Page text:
19. Accurate van der Waals coefficients between fullerenes and fullerene-alkali atoms and clusters: Modified single-frequency approximation

    NASA Astrophysics Data System (ADS)

    Tao, Jianmin; Mo, Yuxiang; Tian, Guocai; Ruzsinszky, Adrienn

    2016-08-01

    Long-range van der Waals (vdW) interaction is critically important for intermolecular interactions in molecular complexes and solids. However, accurate modeling of vdW coefficients presents a great challenge for nanostructures, in particular for fullerene clusters, which have huge vdW coefficients but also display very strong nonadditivity. In this work, we calculate the coefficients between fullerenes, fullerene and sodium clusters, and fullerene and alkali atoms with the hollow-sphere model within the modified single-frequency approximation (MSFA). In the MSFA, we assume that the electron density is uniform in a molecule and that only valence electrons in the outmost subshell of atoms contribute. The input to the model is the static multipole polarizability, which provides a sharp cutoff for the plasmon contribution outside the effective vdW radius. We find that the model can generate C6 in excellent agreement with expensive wave-function-based ab initio calculations, with a mean absolute relative error of only 3 % , without suffering size-dependent error. We show that the nonadditivities of the coefficients C6 between fullerenes and C60 and sodium clusters Nan revealed by the model agree remarkably well with those based on the accurate reference values. The great flexibility, simplicity, and high accuracy make the model particularly suitable for the study of the nonadditivity of vdW coefficients between nanostructures, advancing the development of better vdW corrections to conventional density functional theory.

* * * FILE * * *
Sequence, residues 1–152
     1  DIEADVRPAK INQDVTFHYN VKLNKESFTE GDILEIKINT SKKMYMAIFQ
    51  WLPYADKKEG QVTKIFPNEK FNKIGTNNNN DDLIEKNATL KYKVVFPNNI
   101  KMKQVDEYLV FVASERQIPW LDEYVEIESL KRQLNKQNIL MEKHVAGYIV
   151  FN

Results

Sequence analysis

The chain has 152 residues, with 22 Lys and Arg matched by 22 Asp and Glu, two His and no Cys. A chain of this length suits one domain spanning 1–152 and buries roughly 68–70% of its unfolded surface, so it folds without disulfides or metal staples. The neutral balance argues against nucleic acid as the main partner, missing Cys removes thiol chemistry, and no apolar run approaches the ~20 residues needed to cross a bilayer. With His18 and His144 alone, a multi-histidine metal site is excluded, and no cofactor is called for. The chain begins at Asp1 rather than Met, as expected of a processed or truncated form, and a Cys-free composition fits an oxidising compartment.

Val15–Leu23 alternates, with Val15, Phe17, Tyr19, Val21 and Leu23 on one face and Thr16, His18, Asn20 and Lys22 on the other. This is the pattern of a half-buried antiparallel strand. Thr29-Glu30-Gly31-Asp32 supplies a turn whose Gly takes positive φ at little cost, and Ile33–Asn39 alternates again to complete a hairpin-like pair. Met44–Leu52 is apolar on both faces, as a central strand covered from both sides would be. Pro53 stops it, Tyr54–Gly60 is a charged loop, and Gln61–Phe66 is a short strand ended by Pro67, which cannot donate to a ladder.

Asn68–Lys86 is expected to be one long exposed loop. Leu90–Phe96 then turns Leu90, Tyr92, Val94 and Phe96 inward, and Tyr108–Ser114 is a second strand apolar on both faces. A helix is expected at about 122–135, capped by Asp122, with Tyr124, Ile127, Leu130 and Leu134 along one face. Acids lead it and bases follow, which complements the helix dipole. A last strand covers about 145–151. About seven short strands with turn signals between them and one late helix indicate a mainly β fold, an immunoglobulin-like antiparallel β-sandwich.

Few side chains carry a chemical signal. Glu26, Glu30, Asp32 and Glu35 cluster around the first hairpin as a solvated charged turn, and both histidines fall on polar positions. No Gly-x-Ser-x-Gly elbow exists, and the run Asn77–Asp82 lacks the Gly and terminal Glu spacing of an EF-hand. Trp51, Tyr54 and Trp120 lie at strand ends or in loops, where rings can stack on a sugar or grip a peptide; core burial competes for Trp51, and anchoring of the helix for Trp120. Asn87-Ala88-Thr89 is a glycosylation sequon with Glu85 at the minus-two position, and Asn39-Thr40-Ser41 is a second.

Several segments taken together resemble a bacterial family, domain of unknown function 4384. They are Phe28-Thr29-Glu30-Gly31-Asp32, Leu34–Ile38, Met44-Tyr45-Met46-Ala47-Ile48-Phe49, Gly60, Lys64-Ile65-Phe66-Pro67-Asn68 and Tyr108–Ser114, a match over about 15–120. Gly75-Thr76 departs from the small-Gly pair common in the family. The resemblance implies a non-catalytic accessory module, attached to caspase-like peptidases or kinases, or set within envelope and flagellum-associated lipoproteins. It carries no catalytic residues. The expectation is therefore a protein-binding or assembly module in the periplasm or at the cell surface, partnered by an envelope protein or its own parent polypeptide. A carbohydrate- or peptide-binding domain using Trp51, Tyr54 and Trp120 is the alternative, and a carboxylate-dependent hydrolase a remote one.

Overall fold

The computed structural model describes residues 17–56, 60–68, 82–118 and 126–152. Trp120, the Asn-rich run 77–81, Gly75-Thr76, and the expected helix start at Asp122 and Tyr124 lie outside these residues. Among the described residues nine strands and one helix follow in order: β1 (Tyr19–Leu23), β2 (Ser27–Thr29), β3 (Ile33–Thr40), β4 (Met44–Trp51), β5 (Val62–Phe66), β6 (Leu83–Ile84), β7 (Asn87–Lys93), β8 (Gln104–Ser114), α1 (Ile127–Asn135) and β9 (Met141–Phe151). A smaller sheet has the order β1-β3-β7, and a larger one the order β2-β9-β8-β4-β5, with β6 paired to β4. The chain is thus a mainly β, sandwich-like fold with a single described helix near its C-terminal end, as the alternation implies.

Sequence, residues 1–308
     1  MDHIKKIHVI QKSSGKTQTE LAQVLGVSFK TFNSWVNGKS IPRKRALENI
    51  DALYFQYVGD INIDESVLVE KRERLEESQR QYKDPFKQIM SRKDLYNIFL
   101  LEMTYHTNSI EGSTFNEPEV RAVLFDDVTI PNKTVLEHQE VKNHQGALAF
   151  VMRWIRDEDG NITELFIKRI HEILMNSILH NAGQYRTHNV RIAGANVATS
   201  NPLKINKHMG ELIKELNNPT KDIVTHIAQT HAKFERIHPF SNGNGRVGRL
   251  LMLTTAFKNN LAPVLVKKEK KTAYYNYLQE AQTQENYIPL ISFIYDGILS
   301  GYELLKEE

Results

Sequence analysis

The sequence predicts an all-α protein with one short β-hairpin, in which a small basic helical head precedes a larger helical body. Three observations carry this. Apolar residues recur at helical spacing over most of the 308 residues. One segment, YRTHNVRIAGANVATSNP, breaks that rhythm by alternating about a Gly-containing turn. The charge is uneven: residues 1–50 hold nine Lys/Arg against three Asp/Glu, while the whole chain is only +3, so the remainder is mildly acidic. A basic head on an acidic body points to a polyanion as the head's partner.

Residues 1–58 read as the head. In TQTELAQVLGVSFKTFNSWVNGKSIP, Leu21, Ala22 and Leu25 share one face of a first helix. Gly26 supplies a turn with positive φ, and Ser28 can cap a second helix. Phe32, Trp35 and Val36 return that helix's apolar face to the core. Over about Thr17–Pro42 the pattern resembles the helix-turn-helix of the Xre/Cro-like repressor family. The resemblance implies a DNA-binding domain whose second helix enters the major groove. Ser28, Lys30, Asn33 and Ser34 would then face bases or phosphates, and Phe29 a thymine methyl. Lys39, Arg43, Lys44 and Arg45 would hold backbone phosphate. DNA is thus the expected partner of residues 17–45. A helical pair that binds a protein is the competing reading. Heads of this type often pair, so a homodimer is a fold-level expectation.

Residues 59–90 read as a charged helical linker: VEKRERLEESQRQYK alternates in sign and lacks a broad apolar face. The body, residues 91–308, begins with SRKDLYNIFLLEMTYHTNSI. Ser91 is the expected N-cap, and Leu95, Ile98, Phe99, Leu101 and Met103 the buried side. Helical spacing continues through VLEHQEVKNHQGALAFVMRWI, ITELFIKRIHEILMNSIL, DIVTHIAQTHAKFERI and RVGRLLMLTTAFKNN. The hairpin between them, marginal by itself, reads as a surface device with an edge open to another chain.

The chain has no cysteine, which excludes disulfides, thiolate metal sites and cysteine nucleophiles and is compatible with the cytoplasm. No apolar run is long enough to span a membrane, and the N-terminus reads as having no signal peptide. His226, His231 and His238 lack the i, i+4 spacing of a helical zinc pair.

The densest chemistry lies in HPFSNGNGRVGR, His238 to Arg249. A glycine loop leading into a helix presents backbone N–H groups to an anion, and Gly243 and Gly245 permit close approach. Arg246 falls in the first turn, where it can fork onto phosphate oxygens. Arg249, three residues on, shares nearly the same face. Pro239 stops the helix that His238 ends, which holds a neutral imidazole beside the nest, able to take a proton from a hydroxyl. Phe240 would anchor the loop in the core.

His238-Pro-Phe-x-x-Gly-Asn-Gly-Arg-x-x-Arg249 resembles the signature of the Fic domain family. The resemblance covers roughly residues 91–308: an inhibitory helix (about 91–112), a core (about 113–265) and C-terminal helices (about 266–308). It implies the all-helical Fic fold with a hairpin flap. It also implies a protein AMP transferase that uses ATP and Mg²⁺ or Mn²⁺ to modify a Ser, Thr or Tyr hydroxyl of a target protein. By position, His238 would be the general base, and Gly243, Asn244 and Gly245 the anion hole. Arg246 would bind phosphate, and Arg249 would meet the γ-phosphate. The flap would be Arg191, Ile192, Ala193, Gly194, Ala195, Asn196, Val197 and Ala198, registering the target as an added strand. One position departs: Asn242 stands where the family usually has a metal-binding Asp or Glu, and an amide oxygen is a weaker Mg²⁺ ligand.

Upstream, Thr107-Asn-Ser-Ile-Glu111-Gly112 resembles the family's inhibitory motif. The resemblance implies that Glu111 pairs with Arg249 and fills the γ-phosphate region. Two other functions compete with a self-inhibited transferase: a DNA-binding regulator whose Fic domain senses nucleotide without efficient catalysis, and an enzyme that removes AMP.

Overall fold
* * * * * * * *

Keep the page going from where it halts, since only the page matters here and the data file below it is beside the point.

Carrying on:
20. Accurate and agile digital control of optical phase, amplitude and frequency for coherent atomic manipulation of atomic systems.

    PubMed

    Thom, Joseph; Wilpers, Guido; Riis, Erling; Sinclair, Alastair G

    2013-08-12

    We demonstrate a system for fast and agile digital control of laser phase, amplitude and frequency for applications in coherent atomic systems. The full versatility of a direct digital synthesis radiofrequency source is faithfully transferred to laser radiation via acousto-optic modulation. Optical beatnotes are used to measure phase steps up to 2π, which are accurately implemented with a resolution of ≤ 10 mrad. By linearizing the optical modulation process, amplitude-shaped pulses of durations ranging from 500 ns to 500 ms, in excellent agreement with the programmed functional form, are demonstrated. Pulse durations are limited only by the 30 ns rise time of the modulation process, and a measured extinction ratio of > 5 × 10(11) is achieved. The system presented here was developed specifically for controlling the quantum state of trapped ions with sequences of multiple laser pulses, including composite and bichromatic pulses. The demonstrated techniques are widely applicable to other atomic systems ranging across quantum information processing, frequency metrology, atom interferometry, and single-photon generation.